Airmen need to be remembered
One of Heritage Days' attractions is the Army Air Base north of McCook. It will be open with special ceremonies each day.
There is so much work to be done on the base and so few people to help -- so grab your duster, broom or mower and go out and help get the Air Base ready to welcome the airmen of World War II that were stationed at the base and that were able to make the trip to Nebraska.
During 2003 the McCook Army Air Base Historical Society has progressed with our goal to preserve and promote the air base at McCook, as well as the other 10 historic air base sites in Nebraska. At the current time we are working with the new landowners in the Sub Depot area.
In the early 1940s, the U.S. government began constructing training facilities for all branches of the military. Nebraska has 11 facilities. The first construction project at McCook was three runways, taxiways, apron, water tower, one hangar and 64 buildings. This project was started Sept. 16, 1942 and completed Dec. 15, 1042.
World War II escalated and McCook Army Air Base expanded with a second construction project which began Feb. 26, 1943 and included more barracks, mess halls, utility buildings, hospital unit, three hangars with apron widening and the taxiway. The project was completed by July 1, 1043. THe 425 Sub Depot was a part of the second project. This area included the largest hangar (No. 201), engineering building, Quartermaster buildings, the bomb site maintenance vault, parachute building, post engineer yard and motor pool. The sub depot area housed all the support services and supplies for the air base bomber crews for their final three month training before deployment overseas.
Mrs. Dorothy Nielsen worked in the parachute building. She remembers the parachute packs were brought in, taken apart and checked. If they were soiled, they were cleaned and hung to dry for 24 hours from the tall part of the building -- called the well. Eighteen to twenty parachutes could be cleaned and repacked each day. These ladies worked on the east side of the building and the fabric department sewed material for other projects on the west side. This fabric was taken to the engineering building or hangar 201 and utilized on airplane parts. Building 205 housed the supplies to finish the work of the fabric department. This building was constructed of cement block, had boiler heating, ventilation system on the roof and vapor proof electrical systems. Building 202 had a boiler for heat and steam cleaning and vapor proof electrical system. This building was used to clean B-24 and B-29 airplane engines.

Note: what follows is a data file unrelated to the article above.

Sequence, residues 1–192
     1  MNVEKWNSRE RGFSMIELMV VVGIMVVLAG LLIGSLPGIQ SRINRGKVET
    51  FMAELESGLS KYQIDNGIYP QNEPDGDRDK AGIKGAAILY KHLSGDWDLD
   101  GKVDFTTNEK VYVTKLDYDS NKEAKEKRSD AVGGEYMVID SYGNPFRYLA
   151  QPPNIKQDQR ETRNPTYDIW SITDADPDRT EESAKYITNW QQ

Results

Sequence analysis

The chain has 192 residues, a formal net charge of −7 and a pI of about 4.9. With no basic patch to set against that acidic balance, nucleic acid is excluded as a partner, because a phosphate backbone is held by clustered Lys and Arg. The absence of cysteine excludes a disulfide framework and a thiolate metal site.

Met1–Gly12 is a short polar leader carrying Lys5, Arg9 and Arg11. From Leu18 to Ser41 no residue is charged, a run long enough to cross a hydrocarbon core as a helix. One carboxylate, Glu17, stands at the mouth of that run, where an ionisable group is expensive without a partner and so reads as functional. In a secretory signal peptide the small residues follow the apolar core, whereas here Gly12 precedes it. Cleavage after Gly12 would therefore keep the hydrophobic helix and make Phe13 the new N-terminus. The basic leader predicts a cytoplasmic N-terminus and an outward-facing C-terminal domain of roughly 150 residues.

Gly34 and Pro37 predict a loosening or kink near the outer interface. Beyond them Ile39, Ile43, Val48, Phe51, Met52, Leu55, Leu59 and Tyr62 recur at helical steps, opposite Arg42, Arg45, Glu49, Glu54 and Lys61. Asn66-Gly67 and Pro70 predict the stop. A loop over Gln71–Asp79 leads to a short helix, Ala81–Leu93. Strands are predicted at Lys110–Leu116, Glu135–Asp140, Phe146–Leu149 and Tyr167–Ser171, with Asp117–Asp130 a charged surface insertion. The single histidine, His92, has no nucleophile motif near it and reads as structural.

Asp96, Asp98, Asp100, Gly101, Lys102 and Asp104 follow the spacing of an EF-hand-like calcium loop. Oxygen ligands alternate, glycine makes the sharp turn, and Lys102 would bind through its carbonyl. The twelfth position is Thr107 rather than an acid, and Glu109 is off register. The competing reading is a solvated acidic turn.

Since we began working with the new landowners, we have cleaned up and cut trees around the building areas. The Timmerman family has refurbished the big hangar with new siding and roofing. Members are currently restoring the engine cleaning building. This building is the last of its kind in Nebraska.
We will then move to the paint and fabric building to begin roofing -- there are only two of these buildings remaining in Nebraska. These buildings will then be used to store donated items.
By working together we can accomplish both of our goals -- to preserve the buildings, taxiways and concrete foundations and make the property a valuable asset to the landowners. Our thanks to Norm Timmerman and the Timmerman family for working with us.
The lack of modern buildings and the isolation add to the historic significance of the McCook Army Air Base. McCook Army Air Base Historical Society continues to work on community and state support. With this support we can identify unique sites in Nebraska as tourist destinations to attract bus tours for those groups who like to visit World War II historic sites and museums and other attractions.
For tour information, contact us at (308) 345-6907.
We continue to work to establish the historic building site at McCook Army Air Base on the Historic Registry, make in a national landmark and honor those of all wars.
McCook Army Air Base